Energy Performance Certificates EPC
Architect Work

Getting the best EPC rating possible

Best EPC rating is based on the customer reviews and we are achieving our targets gradually.

If you are selling your property, it must be portrayed in the best light of possibilities.

If you are a landlord, your property needs to be compliant with the Minimum Energy Efficiency Standards (MEES) legislation.

To get the best EPC rating, and to ensure that we provide you with the best services, so our Assessor will need the information in form of feedback.

Often our Assessors will collect keys from an Estate or Letting agent and the owner will not be present. In these cases, it is also essential that the Assessor is aware of the issue and can locate any relevant documentary evidence. Also, the access to any relevant areas or equipment has been prepared in advance.

Ask a question about best EPC rating

If you need to prepare any documents or access in advance, please read the following questions and advise us when booking your EPC with Vibrant:

Construction Age

The construction date is used to define many elements of your property according to the Building Regulations. They are applied at the time of construction. Correctly identifying the exact age band for a property and elements within it (extensions and loft conversions) is vitally important. It can have a significant effect on the best EPC ratings produced by the software. In some instances, the Assessor will require documentary evidence.

Basically, unless the Assessor has any evidence to the contrary, the software will assume that the newer the property the better the insulation levels. Equally, with some older properties, will assume that there is no insulation.

When was your property built?

The Assessor will make a judgement on the construction date of your property based on professional knowledge and research.

If you know when the property was built, make sure the Assessor is aware and they will take this into consideration.

Has the property had a change of use?

This is where a commercial building is converted into a domestic dwelling or dwellings. Common examples are: Barn conversions, warehouse, or factory to apartments.

The Assessor will need to know the date of ‘Change of Use’.

Has the property been converted?

In a conversion, where a domestic dwelling is sub-divided (i.e. a large house into flats), the Assessor will need to see documentary evidence. It can be a building control sign-off certificates that show all thermal elements have been upgraded.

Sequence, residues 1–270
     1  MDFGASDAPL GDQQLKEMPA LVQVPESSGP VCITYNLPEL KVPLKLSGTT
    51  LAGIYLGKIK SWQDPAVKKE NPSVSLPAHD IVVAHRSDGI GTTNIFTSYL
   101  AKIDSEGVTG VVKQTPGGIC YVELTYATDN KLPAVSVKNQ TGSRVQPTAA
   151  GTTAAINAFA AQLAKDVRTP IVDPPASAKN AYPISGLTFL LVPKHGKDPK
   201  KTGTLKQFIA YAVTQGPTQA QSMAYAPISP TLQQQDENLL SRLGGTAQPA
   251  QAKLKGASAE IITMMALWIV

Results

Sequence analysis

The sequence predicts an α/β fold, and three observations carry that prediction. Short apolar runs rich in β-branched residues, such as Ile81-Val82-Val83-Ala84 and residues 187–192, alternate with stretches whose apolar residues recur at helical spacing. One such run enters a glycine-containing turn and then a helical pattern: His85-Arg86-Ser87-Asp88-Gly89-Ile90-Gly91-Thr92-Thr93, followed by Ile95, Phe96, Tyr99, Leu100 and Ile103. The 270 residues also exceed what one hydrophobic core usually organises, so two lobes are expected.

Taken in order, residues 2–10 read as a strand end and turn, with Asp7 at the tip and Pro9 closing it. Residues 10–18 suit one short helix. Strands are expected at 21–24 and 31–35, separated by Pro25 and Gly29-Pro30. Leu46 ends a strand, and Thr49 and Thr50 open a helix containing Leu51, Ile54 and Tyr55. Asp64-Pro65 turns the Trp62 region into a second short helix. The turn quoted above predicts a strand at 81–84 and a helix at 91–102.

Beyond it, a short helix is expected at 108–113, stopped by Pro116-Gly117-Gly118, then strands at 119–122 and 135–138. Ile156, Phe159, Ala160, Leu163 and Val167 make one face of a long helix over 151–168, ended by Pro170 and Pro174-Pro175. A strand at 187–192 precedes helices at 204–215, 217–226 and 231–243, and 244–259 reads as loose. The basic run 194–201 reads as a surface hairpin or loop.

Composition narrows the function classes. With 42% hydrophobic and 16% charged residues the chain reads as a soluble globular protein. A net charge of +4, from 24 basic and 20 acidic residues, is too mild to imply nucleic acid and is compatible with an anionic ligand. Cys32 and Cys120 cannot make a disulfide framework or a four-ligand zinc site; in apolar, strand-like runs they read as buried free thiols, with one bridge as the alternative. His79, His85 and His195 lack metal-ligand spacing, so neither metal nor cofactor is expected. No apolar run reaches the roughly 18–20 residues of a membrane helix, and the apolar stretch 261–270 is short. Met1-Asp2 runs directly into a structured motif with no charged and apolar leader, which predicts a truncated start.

If these documents are available, the Assessor can enter the conversion date as the date of construction. Without this evidence, the Assessor will use the original construction date.
 

Has the property had a loft conversion?

For the conversion date of the loft to be recorded, the Assessor will need to see documentary evidence such as building control sign-off certificates. Without evidence, the Assessor will use the construction date of the property.

Has insulation been added to an existing room-in-roof?

If yes: According to the nature of a room in the roof, construction insulation will often be hidden within the structure. The thickness and quality of the insulation will often be impossible to establish through a visual inspection.

The Assessor will need to see documentary evidence. It may include receipts with work schedules detailing insulation installed. If building control were involved the sign-off certificates are also required.

Has any insulation been added to walls, floor, or roof?

If yes: Is the insulation visible?

Often the presence of cavity wall insulation, external solid wall insulation, and loft insulation can be established through visual inspection alone.

Presence of Insulation

But, your loft may have been boarded, walls may have been rendered, re-pointed, or you may have insulated your walls internally. All of these hide the evidence that insulation is present.

Presence of Documentary Evidence

Please note, that insulation which cannot be seen can only be included when documentary evidence is present. It includes guarantees, installation certificates, or building control sign-off certificates are presented to the Assessor.

Note on lofts

 A strip of insulation visible around the edge of a boarded loft is not sufficient proof that insulation is present under the boards. In these cases, the Assessor requires either documentary evidence. The owner can remove boarding fixings in advance of the survey and lift the boards to expose the insulation.

Installers of loft insulation will often staple the certificate to the rafters within the loft space.

Access

Our Assessors require access to all the rooms within the property. Can our Assessor access the following areas and equipment?

Loft access: Are the stored items, or furniture is below the hatch? Is the hatch locked or painted over and stuck?

Boilers: the boiler is in a cupboard? Is access is blocked by furniture or other household equipment? If the boiler is in the garage, make sure the Assessor can access the garage.

Hot water tank: Often in an airing cupboard, is the whole tank visible? If the hot water tank is behind a fixed panel, this should be removed in advance of the survey.

Portable heating controllers: If you’re not going to be present during the survey, the programmer/thermostats for the heating system are visible and they are not hidden away.

Electric meter: It is important to be able to establish a dual tariff electricity meter is present. If the location of meters is not obvious, make sure the Assessor is aware.

It is important to note that our Assessor cannot remove screws or nails to remove panels and hatches or break paint seals. Where there is no access, the software will make assumptions that may have a negative effect on the EPC rating.